April 18, 2019

New HOWTO: The Linux Kernel HOWTO - page 7

Table of Contents

  • April 2, 2001
  6.  Patching the kernel

  6.1.  Applying a patch

  Incremental upgrades of the kernel are distributed as patches. For
  example, if you have version 1.1.45, and you notice that there's a
  `patch46.gz' out there for it, it means you can upgrade to version
  1.1.46 through application of the patch. You might want to make a
  backup of the source tree first (`make clean' and then `cd /usr/src;
  tar zcvf old-tree.tar.gz linux' will make a compressed tar archive for

  So, continuing with the example above, let's suppose that you have
  `patch46.gz' in /usr/src. cd to /usr/src  and do a `zcat patch46.gz |
  patch -p0' (or `patch -p0 

< patch46' if the patch isn't compressed).
  You'll see things whizz by (or flutter by, if your system is that
  slow) telling you that it is trying to apply hunks, and whether it
  succeeds or not. Usually, this action goes by too quickly for you to
  read, and you're not too sure whether it worked or not, so you might
  want to use the -s flag to patch, which tells patch to only report
  error messages (you don't get as much of the ``hey, my computer is
  actually doing something for a change!'' feeling, but you may prefer
  this..). To look for parts which might not have gone smoothly, cd to
  /usr/src/linux  and look for files with a .rej extension. Some
  versions of patch (older versions which may have been compiled with on
  an inferior filesystem) leave the rejects with a # extension. You can
  use `find' to look for you;

      find .  -name '*.rej' -print

  prints all files who live in the current directory or any subdirecto�
  ries with a .rej extension to the standard output.

  If everything went right, do a `make clean', `config', and `dep' as
  described in sections 3 and 4.

  There are quite a few options to the patch command. As mentioned
  above, patch -s will suppress all messages except the errors. If you
  keep your kernel source in some other place than /usr/src/linux, patch
  -p1 (in that directory) will patch things cleanly. Other patch options
  are well-documented in the manual page.

  6.2.  If something goes wrong

  (Note: this section refers mostly to quite old kernels)

  The most frequent problem that used to arise was when a patch modified
  a file called `config.in' and it didn't look quite right, because you
  changed the options to suit your machine. This has been taken care of,
  but one still might encounter it with an older release.  To fix it,
  look at the config.in.rej  file, and see what remains of the original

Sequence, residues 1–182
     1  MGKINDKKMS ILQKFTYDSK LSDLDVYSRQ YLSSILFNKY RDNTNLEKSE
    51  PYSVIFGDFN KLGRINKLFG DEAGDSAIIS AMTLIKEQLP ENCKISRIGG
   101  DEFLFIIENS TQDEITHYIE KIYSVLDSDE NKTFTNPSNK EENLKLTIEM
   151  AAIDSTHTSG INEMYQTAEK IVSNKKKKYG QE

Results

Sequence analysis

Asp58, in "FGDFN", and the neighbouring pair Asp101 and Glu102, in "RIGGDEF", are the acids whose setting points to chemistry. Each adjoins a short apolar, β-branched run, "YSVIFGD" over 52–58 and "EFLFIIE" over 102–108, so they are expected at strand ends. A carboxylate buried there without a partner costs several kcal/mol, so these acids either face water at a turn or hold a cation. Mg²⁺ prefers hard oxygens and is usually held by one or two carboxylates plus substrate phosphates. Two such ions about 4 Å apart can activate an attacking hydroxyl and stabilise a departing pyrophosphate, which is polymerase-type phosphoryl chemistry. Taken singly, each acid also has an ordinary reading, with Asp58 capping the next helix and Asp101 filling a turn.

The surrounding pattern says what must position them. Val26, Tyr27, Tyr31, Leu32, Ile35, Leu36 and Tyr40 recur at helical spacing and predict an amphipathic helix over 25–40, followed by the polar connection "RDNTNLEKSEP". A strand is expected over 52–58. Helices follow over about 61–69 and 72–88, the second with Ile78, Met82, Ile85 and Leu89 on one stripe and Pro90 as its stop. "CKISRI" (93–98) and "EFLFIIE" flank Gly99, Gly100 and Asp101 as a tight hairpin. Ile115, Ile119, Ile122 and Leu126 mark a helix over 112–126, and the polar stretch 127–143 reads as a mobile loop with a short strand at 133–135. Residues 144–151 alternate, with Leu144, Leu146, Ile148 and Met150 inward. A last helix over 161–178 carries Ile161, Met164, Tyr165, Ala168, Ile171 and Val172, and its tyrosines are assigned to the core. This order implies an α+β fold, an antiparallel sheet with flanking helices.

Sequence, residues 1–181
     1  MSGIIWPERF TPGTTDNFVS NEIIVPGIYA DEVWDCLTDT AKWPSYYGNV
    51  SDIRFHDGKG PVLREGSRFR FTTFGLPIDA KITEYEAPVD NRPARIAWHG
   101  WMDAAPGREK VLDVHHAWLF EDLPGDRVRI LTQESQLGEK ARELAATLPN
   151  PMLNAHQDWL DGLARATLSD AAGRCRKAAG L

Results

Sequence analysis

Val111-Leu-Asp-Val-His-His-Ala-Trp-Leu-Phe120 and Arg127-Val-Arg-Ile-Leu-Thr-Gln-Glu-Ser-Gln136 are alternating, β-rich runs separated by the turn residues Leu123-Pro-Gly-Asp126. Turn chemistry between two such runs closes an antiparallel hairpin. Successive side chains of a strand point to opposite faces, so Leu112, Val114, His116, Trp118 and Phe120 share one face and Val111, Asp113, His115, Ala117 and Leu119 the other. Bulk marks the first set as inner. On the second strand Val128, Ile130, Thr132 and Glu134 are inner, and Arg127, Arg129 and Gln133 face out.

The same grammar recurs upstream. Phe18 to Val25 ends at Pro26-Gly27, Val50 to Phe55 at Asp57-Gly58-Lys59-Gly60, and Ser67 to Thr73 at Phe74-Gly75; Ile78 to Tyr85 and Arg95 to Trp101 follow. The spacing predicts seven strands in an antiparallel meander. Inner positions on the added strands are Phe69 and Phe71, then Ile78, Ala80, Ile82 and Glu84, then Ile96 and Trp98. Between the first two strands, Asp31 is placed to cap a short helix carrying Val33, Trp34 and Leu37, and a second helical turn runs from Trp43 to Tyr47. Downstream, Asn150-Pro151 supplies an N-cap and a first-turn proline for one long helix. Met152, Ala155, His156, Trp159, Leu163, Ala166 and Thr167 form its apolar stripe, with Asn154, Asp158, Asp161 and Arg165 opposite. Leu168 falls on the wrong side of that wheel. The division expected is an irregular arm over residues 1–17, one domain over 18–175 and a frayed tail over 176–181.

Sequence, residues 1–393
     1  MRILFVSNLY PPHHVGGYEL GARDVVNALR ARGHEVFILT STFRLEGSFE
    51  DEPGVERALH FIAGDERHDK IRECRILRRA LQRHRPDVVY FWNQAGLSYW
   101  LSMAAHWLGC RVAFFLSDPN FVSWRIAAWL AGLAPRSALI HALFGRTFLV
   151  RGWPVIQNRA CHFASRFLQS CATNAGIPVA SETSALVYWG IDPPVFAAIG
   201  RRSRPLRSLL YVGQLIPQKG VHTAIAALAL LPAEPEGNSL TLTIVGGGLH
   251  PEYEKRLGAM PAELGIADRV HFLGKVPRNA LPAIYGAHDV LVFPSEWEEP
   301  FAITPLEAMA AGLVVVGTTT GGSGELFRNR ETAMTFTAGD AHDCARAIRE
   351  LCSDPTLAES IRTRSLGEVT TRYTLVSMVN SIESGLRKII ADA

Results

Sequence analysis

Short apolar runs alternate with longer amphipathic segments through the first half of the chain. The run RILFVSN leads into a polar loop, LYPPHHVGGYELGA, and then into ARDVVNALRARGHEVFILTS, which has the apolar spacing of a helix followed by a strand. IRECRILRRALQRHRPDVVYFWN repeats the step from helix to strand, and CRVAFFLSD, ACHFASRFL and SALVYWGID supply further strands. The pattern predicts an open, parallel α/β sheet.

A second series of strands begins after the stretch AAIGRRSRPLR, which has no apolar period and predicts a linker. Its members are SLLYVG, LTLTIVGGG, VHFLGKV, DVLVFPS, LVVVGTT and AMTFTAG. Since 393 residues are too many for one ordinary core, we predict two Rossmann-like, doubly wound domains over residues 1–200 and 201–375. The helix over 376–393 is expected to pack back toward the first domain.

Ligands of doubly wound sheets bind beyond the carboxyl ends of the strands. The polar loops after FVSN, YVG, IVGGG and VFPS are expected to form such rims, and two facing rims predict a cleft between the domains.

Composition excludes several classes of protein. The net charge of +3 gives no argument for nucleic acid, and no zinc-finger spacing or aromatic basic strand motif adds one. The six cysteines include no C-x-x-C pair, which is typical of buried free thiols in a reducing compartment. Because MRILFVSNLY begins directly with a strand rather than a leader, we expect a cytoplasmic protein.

patch.  The changes will typically be marked with `+' and `-' at the
  beginning of the line. Look at the lines surrounding it, and remember
  if they were set to `y' or `n'. Now, edit config.in, and change `y' to
  `n' and `n' to `y' when appropriate. Do a

      patch -p0 < config.in.rej

  and if it reports that it succeeded (no fails), then you can continue
  on with a configuration and compilation. The config.in.rej file will
  remain, but you can get delete it.

  If you encounter further problems, you might have installed a patch
  out of order. If patch says `previously applied patch detected: Assume
  -R?', you are probably trying to apply a patch which is below your
  current version number; if you answer `y', it will attempt to degrade
  your source, and will most likely fail; thus, you will need to get a
  whole new source tree (which might not have been such a bad idea in
  the first place).

  To back out (unapply) a patch, use `patch -R' on the original patch.

  The best thing to do when patches really turn out wrong is to start
  over again with a clean, out-of-the-box source tree (for example, from
  one of the linux-x.y.z.tar.gz  files), and start again.

  6.3.  Getting rid of the .orig files

  After just a few patches, the .orig  files will start to pile up. For
  example, one 1.1.51 tree I had was once last cleaned out at 1.1.48.
  Removing the .orig files saved over a half a meg.

      find .  -name '*.orig' -exec rm -f {} ';'

  will take care of it for you. Versions of patch which use # for
  rejects use a tilde instead of .orig.

  There are better ways to get rid of the .orig files, which depend on
  GNU xargs:

      find .  -name '*.orig' | xargs rm

  or the ``quite secure but a little more verbose'' method:

      find . -name '*.orig' -print0 | xargs --null rm --

  6.4.  Other patches

  There are other patches (I'll call them ``nonstandard'') than the ones
  Linus distributes. If you apply these, Linus' patches may not work
  correctly and you'll have to either back them out, fix the source or
  the patch, install a new source tree, or a combination of the above.
  This can become very frustrating, so if you do not want to modify the
  source (with the possibility of a very bad outcome), back out the
  nonstandard patches before applying Linus', or just install a new
  tree. Then, you can see if the nonstandard patches still work. If they
  don't, you are either stuck with an old kernel, playing with the patch
  or source to get it to work, or waiting (possibly begging) for a new
  version of the patch to come out.

  How common are the patches not in the standard distribution? You will
  probably hear of them. I used to use the noblink patch for my virtual
  consoles because I hate blinking cursors (This patch is (or at least
  was) frequently updated for new kernel releases.). With most newer
  device drivers being developed as loadable modules, though, the
  frequecy of ``nonstandard'' patches is decreasing significantly.

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